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Election fever in US community

Election fever in US community

Rithy Uong speaks to reporters from The Post in Phnom Penh earlier this month. Photo by: Heng Chivoan

BORN in a refugee camp in Thailand after his parents fled the Khmer Rouge, Van Pech is poised to become only the second person of Cambodian descent to hold public office in the United States.

The 27-year-old is running for city council in Lowell, Massachusetts, a bustling manufacturing town on America’s Eastern seaboard which has become a quiet magnet for Southeast Asian immigrants. 

He’s set to follow in the footsteps of the first elected representative of Cambodian decent, Rithy Uong, who held the same seat that Pech is vying for from 1999 until he stepped down in 2005.

Uong, aged 50, who spoke to The Post during a recent trip to Phnom Penh, fled Cambodia with his family in 1979 after the Vietnamese invasion that toppled the Khmer Rouge regime.

“I love Cambodia, but my father felt the country was going to be at war again when the Vietnamese invaded.  He lost two sons during the Pol Pot regime and he didn’t want to lose any others,” he said.

Unlike Uong, Pech was spared the experience of living under the Khmer Rouge but he maintains a deep sense of all that his parents endured.

“I feel privileged not to go through all the suffering and pain that they went through.  I can never truly understand how my parents felt.  They were just simple people, farmers, and the war just devastated them and the whole country.”  

Both men believe that Uong’s election to city council in 1999 represented a turning point for minority representation in Lowell politics.  

The Cambodian Mutual Assistance Association estimates the number of Cambodian-Americans in the city is around 30,000 or 40,000.  That makes it the country’s second-highest concentration of Cambodians, after Long Beach, California.  

And because Lowell is roughly one-quarter the size of Long Beach – with a population of 106,000 to Long Beach’s 462,000 – the Cambodian population comprises a much larger proportion compared to its West Coast sister.

Pech says he distinctly remembers meeting Uong after the election, when he visited a community centre.

“I remember seeing him come in and I said ‘congrats’ and shook his hand.  We were so excited that he won,” he said.

Before the 1999 election, Uong says that less than a hundred Cambodian-Americans cast ballots in the previous municipal elections.

Much of his campaign focused on mobilising this underrepresented community and was ultimately successful in registering more than two-thousand Cambodian-Americans, he said.

“Lowell’s always been a home for refugees and immigrants.  In the early eighties, jobs were plentiful, earnings were decent, housing was cheap, opportunity was big.”

According to Uong, Lowell has been a hub for Cambodians and other Southeast Asian immigrants, who he believes were underrepresented in politics.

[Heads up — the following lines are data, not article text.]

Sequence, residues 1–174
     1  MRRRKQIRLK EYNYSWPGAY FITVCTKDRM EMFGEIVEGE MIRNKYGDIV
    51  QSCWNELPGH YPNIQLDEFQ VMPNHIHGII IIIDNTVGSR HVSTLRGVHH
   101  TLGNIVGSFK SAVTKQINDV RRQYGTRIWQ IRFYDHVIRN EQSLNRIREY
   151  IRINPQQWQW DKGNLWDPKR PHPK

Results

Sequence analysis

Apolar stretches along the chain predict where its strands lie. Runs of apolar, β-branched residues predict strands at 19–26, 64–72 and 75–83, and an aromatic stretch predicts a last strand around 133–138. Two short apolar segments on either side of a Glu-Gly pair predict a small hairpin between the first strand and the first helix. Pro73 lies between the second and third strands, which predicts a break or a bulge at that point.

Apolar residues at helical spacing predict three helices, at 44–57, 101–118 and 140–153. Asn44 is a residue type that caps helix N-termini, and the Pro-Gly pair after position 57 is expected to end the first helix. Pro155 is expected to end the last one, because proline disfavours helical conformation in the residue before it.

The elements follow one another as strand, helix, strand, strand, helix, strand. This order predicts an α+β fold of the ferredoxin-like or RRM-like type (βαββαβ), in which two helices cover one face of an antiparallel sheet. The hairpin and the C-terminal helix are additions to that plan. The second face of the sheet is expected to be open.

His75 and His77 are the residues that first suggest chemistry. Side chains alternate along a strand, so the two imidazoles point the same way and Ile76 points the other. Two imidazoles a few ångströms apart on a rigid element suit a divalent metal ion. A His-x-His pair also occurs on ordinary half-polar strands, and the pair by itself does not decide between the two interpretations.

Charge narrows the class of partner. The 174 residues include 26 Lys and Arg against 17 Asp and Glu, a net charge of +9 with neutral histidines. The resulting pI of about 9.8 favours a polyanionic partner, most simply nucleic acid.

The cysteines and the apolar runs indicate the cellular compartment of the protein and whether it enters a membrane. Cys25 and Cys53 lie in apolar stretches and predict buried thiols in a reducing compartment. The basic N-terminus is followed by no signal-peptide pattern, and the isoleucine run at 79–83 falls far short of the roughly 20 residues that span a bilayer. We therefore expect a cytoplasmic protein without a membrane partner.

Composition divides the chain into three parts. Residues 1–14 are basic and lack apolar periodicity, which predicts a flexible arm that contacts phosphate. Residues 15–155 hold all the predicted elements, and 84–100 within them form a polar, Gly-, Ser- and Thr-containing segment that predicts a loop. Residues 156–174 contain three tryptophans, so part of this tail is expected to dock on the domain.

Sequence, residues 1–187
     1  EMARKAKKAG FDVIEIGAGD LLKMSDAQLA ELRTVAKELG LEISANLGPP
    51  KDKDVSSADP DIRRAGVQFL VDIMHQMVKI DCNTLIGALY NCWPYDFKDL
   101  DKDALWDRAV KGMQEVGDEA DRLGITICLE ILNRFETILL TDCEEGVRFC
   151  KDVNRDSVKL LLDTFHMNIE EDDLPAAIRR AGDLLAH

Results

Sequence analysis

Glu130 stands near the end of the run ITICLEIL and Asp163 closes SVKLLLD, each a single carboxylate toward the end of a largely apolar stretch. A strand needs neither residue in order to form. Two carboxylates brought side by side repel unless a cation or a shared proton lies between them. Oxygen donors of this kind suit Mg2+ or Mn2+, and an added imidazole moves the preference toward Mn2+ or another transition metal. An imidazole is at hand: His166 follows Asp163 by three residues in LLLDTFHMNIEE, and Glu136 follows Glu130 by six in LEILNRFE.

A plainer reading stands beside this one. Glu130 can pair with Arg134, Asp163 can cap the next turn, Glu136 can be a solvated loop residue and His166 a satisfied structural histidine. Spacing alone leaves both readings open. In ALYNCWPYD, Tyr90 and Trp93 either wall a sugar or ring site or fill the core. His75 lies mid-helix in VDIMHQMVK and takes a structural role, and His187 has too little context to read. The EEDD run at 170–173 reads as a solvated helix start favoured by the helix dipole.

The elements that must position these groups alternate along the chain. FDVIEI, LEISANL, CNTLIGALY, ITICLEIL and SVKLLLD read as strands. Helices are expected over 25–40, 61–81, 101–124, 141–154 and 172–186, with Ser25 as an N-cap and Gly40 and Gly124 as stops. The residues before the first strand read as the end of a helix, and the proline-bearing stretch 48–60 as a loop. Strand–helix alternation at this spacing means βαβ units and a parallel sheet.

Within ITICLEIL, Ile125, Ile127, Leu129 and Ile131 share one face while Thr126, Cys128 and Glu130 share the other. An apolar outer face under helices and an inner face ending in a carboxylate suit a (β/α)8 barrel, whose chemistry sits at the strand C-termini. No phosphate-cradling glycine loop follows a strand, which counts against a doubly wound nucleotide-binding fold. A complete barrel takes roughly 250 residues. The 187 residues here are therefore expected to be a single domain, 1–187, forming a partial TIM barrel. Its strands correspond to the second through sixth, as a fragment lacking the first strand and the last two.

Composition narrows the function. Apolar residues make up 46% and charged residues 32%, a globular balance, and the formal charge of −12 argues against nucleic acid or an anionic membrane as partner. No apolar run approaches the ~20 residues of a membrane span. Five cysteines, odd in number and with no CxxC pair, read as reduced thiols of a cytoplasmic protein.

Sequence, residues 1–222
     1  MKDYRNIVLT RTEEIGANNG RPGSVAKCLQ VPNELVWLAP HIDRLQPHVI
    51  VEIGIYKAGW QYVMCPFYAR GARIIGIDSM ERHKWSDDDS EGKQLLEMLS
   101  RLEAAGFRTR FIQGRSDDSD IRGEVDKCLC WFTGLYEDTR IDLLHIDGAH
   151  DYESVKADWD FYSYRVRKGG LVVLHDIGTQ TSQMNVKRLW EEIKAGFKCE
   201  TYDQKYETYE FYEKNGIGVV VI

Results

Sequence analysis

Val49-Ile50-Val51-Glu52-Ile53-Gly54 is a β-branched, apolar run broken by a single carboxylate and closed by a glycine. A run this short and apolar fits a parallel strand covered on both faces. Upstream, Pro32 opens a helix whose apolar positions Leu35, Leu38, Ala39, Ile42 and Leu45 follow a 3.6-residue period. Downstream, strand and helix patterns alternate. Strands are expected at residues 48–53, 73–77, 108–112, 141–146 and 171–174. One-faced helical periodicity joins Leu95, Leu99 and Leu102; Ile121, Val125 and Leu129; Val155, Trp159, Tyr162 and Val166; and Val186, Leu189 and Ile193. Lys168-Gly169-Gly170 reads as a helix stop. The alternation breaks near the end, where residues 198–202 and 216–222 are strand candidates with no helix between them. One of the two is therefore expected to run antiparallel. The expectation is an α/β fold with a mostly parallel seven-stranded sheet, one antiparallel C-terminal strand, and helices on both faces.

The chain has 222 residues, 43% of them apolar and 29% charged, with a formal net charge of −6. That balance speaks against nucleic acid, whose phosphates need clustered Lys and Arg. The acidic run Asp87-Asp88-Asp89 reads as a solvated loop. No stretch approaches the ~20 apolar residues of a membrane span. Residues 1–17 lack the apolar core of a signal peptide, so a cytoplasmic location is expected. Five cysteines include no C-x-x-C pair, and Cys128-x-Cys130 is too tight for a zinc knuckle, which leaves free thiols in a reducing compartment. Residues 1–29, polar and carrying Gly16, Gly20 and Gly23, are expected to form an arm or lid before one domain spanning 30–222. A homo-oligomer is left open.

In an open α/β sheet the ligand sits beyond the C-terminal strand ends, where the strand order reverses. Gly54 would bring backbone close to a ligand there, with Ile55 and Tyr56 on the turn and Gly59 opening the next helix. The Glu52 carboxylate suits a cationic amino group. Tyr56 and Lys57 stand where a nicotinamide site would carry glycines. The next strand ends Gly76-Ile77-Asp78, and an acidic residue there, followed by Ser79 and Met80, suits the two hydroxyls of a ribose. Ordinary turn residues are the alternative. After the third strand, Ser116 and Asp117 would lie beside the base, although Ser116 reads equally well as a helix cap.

“I was so upset that no people of colour were serving as elected officials, so I called all the leaders to find a candidate that could fit. And everyone just said, ‘Why don’t you do it?’”

“Election night was one of the brightest moments for the city because it never had such a strong show of support from minorities,” he said.  

Van Pech is similarly interested in representing minority interests, which he also feels have been underrepresented in government.

“Most people in Lowell are from minority backgrounds, but local government – the city council, the school boards – doesn’t reflect this,” he said.

This dearth of minority candidates is due in part, Pech says, to a perception that exists among some members of ethnic minority communities that running for public office is only for people from certain backgrounds, different from their own.

“I think there’s a perception that you have to be a lawyer or a business owner or the president of some bank or something to run or serve in public office and it’s not true.  You can just be a regular person that cares for the city and that wants to be a part of positive change,” he said.

Role models like Uong were an important part of fostering this mindset among the next generation of Cambodian-Americans in Lowell.

Pech says that Uong was one of the first people he called when he was deciding to run for city council.

“People look to him [Uong] as the unofficial leader of the Asian community of Lowell, so I went to him before I decided to run for general guidance and advice.  He told me he was excited for me and he was happy to see the next generation of Cambodian-Americans getting involved,” he said.

Uong is supporting both Pech and Vesna Nuon, another Cambodian-American running for city council. He hopes that both of them win, but at the end of the day, he would be happy even if just one was successful. “I want to make sure that at least one of them gets elected,” he said.

Despite his largely behind-the-scenes role in this year’s municipal election, Uong isn’t done with politics.  His sights are set on next year’s general election, when he plans to run for the Massachusetts House of Representatives. If successful, he’ll make history yet again.


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